Last updated: October 8, 2012 8:10 pm

BT drops following earnings concerns

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BT Group was a faller on Monday on fears that results next month would put pressure on earnings forecasts.

BT was likely to be seeing reduced business from Vodafone after the latter completed its purchase of C&W Worldwide, said Morgan Stanley. It estimated an initial £50m hit to earnings and a sharper effect on revenue, given the low margins involved.

Vodafone UK signed a five-year deal in 2008 to use BT lines to connect its base stations to a central network. BT has not yet detailed the impact of losing Vodafone’s transit traffic, known as backhaul.

Morgan Stanley also feared another downturn at BT’s Global Services business, after the lossmaking division last month appointed its fourth chief executive in as many years. It forecast Global Services sales to have fallen 12 per cent for the second quarter.

In addition, a regulatory ruling on pricing for calls to toll-free numbers would cut BT’s wholesale revenue by about £15m, said Morgan Stanley. The assorted headwinds meant management was unlikely to meet its previous guidance for this year of “improving revenue growth ex transit”, it said.

BT slid 3 per cent to 226.9p, in spite of Morgan Stanley repeating “overweight” advice. “BT faces some bumps near term but these do not affect the medium-term picture of stable cash flow due to a supportive price environment and transition to fibre, all at an attractive” 10 times forward earnings, it said.

The FTSE 100 turned lower for the first day in four, losing 0.5 per cent or 29.28 points at 5,841.74.

Engineers led the fallers after a profit warning from ceramics maker Cookson, which said the seasonal bounce in steel industry demand had failed to materialise. Cookson lost 12.4 per cent to 539p, with the warning raising uncertainty over its plans to demerge its electronics unit.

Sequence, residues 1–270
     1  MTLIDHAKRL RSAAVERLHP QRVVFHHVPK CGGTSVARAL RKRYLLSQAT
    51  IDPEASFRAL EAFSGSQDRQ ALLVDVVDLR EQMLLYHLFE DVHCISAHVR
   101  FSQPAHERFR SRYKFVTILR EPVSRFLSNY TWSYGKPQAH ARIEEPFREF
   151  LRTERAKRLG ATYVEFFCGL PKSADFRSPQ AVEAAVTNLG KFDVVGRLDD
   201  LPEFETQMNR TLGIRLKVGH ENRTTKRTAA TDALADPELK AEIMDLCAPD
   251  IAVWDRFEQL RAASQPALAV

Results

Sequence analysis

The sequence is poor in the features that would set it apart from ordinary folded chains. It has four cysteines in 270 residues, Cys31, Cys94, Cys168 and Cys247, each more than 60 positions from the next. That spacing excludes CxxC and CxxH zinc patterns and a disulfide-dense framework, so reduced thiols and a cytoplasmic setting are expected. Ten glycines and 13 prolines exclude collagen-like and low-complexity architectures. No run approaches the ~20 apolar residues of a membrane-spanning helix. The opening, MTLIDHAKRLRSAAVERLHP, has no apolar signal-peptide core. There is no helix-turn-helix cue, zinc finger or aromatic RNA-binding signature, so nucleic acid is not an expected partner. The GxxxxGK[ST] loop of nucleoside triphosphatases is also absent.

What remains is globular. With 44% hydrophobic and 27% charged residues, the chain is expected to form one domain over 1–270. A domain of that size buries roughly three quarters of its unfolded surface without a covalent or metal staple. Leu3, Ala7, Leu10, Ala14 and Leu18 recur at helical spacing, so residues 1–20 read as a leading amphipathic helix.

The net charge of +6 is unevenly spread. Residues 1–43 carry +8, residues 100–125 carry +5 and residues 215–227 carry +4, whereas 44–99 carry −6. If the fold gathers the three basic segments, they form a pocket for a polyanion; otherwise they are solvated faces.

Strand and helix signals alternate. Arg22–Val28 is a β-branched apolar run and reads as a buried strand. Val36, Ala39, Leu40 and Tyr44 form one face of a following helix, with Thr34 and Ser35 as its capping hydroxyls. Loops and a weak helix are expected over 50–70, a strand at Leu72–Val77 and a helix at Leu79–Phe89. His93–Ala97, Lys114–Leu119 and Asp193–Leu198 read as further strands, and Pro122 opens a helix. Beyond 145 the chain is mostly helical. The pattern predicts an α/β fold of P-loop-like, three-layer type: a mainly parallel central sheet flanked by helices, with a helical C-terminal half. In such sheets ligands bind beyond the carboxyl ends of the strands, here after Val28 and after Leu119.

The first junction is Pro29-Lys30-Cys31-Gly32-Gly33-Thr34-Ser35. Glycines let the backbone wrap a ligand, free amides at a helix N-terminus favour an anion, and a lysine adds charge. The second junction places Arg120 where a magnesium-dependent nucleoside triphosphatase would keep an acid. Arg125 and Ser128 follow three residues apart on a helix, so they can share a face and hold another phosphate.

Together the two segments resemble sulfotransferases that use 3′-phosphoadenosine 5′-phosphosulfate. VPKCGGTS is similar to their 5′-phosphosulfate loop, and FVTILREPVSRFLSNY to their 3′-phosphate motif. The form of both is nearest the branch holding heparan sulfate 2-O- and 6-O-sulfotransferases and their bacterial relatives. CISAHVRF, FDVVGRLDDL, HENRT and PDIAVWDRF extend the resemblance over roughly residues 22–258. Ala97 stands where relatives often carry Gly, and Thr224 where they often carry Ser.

Morgan Crucible , which overlaps Cookson for steel equipment and solar panels, lost 7.8 per cent to 257.8p. GKN slid 4.2 per cent to 216.9p, Melrose lost 3.3 per cent to 238.4p and Bodycote fell 4.9 per cent to 391p.

Copper’s biggest drop in two weeks weighed against the miners, with Evraz off 3.7 per cent to 244.7p and Vedanta Resources 3 per cent lower at £10.68.

Anglo American drifted 0.6 per cent to £18.03 and Lonmin lost 5.9 per cent to 516.5p amid fears of further disruption in South Africa, where nearly a quarter of miners were on strike.

Aquarius Platinum lost 10 per cent to 42.8p on the unexpected resignation of its chief executive, Stuart Murray. “Stuart Murray has been the driving force behind Aquarius Platinum having become CEO 11 years ago,” said Liberum Securities. “He is the fourth CEO in the platinum industry to step down in the last year in the face of some pretty horrific circumstances for the industry.”

Imperial Tobacco slipped 2.4 per cent to £23.14, having been buoyed on Friday by a retread of theories that it might be a takeover target for Japan Tobacco.

Nomura argued that, while such a deal made sense, it was likely to be at least a year away. Japan’s government was unlikely to reduce its 50 per cent stake in Japan Tobacco before the first quarter of 2013 and the European Union would be working on a tobacco directive next year, making for regulatory uncertainty, said the broker. It downgraded Imperial to “reduce” on valuation grounds.

Sausage maker Cranswick lost 5.9 per cent to 745p after warning of weather-blighted summer sales and rising hog prices.

Peel Hunt said: “The next six months are likely to be challenging for the pork industry and Cranswick will not be immune. This will inevitably put pressure on forecasts.”

Dixons Retail rose 2.6 per cent to 21.5p, with Espirito Santo repeating its “buy” advice after a meeting with management. In particular, the broker highlighted that the group’s lossmaking Pixmania website would cost only £50m to shut down, and that problem divisions in Italy and Turkey would benefit from taking part in local consolidation.

“What we heard, and saw, has increased our conviction that Dixons has a sustainable business model as the UK and Nordics’ leading multi-channel electricals specialist,” said Espirito. “Management is under no illusions about the negative impact of Amazon and Apple on the industry, but has a strategy to compete and win. Furthermore, management is addressing Dixons’ lossmaking businesses as a matter of priority.”

Recruiter Michael Page lost 0.6 per cent to 363p on its third cut to earnings guidance in three months.

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